Follow Eurofound

COVID-19 likely to exacerbate work intensity and gender imbalances on labour market

News   •   Apr 01, 2020 07:00 BST

The Coronavirus (COVID-19) pandemic is having major implications on the labour market in Europe. For the majority of sectors, it is resulting in a simultaneous drop in both demand and supply, and several Member States are expected to be in recession by the end of the year. At the same time, the crisis is resulting in increased demands on workers in some key sectors, most notably in health. Eurofound research shows that the health sector already has among the highest reported work intensity scores. COVID-19 risks not only exacerbating imbalance between sectors, but also creating a broader gender imbalance in work intensity on the labour market.

According to the EU Labour Force Survey, the human health activities sector in the EU27 employed over 12 million people in 2018, representing 6% of the total employed population. Some 75% of these are women. Eurofound’s analysis of the 2015 European Working Conditions Survey shows that, of the ten major sectors in the European economy considered, women working in health reported the highest work intensity index scores. In general, women report higher levels of emotional demand at work; this can involve handling angry clients or patients, hidings one's feelings and being in situations that are emotionally disturbing. The COVID-19 pandemic, and the labour market responses required, is likely to exacerbate these issues even further.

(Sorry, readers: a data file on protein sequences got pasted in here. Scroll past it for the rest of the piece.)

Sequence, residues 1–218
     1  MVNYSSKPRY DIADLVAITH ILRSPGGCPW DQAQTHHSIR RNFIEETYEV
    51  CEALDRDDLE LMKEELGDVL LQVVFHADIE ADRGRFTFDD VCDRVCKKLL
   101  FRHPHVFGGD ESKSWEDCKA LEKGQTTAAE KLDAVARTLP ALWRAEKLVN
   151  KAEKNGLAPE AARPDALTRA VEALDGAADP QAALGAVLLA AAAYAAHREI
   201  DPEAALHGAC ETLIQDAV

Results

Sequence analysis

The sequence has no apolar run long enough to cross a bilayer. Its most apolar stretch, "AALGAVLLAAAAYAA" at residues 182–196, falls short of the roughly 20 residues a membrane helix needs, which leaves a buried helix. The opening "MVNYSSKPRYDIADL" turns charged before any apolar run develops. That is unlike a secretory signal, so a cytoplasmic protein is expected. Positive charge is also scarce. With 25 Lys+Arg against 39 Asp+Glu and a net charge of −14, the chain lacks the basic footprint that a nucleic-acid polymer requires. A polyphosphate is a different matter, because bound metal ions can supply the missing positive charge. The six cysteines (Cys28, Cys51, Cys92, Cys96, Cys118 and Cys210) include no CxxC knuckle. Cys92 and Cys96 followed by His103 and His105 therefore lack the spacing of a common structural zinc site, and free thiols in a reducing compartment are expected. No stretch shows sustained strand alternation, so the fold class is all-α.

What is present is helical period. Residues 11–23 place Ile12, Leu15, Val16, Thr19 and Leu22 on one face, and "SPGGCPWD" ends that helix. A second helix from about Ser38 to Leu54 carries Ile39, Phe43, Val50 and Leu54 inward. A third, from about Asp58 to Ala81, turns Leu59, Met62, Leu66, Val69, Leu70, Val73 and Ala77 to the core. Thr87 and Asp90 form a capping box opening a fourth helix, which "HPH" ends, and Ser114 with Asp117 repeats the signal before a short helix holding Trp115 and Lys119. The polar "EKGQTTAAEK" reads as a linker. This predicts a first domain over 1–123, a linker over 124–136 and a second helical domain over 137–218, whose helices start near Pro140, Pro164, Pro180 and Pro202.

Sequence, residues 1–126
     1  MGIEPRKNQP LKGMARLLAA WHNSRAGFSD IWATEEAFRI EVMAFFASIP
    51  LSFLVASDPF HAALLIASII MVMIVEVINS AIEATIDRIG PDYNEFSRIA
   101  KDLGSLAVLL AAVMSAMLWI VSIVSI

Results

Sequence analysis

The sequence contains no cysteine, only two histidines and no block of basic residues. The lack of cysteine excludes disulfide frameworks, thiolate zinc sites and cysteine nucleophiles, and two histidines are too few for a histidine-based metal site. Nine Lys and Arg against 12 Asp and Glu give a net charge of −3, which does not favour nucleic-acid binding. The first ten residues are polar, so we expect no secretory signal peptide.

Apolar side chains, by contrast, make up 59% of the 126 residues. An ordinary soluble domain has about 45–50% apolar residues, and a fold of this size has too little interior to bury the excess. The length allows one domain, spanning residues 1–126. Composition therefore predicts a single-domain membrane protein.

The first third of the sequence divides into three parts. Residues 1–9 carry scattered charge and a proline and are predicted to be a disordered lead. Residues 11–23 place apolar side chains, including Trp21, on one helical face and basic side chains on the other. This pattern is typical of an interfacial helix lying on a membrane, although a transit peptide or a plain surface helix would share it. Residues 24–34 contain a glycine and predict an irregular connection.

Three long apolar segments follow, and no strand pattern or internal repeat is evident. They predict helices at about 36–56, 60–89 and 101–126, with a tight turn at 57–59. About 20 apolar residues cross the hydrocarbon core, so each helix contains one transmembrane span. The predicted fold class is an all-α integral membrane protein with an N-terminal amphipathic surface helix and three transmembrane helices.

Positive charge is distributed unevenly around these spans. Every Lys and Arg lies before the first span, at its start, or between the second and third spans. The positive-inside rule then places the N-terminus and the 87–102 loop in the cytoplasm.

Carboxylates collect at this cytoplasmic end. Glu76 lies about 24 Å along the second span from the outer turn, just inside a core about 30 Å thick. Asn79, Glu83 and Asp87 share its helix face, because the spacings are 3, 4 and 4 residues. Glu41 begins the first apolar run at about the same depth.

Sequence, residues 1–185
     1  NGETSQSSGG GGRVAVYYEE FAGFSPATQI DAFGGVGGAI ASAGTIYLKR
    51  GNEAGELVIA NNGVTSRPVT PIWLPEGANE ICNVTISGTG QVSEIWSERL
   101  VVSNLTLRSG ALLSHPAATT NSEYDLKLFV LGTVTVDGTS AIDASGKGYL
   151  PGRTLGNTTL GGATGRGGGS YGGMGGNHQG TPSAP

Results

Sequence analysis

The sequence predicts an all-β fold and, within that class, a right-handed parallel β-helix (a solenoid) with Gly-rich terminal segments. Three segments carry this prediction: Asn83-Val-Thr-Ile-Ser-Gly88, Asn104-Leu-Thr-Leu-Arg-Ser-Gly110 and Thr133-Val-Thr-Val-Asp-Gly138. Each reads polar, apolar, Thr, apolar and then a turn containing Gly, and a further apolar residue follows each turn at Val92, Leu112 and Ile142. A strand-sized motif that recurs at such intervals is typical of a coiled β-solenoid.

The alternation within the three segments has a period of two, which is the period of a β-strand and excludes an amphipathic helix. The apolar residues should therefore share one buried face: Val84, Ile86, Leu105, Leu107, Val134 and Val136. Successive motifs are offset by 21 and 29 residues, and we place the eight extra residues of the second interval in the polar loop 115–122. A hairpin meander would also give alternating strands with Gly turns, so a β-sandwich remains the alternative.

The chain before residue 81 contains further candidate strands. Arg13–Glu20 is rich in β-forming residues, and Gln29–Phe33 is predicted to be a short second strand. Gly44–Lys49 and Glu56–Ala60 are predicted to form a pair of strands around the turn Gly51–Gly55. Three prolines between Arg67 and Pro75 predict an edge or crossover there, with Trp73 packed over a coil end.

Speaking about the findings, Jorge Cabrita, Eurofound Research Manager, said “Every job is, to a greater or lesser degree, subject to several demands; not only emotional demands but physical and social demands as well as work intensity and working hours. However, it is important to recognise that the COVID-19 crisis is affecting female workers, and most notably female healthcare workers, disproportionately. Policymakers must do all they can to immediately support and protect those on the front line, and to address structural labour market imbalances as soon as this crisis subsides."

Read more:

Read further:

Get the data:

Comments (0)

Add comment


By submitting the comment you agree that your personal data will be processed according to Mynewsdesk's Privacy Policy.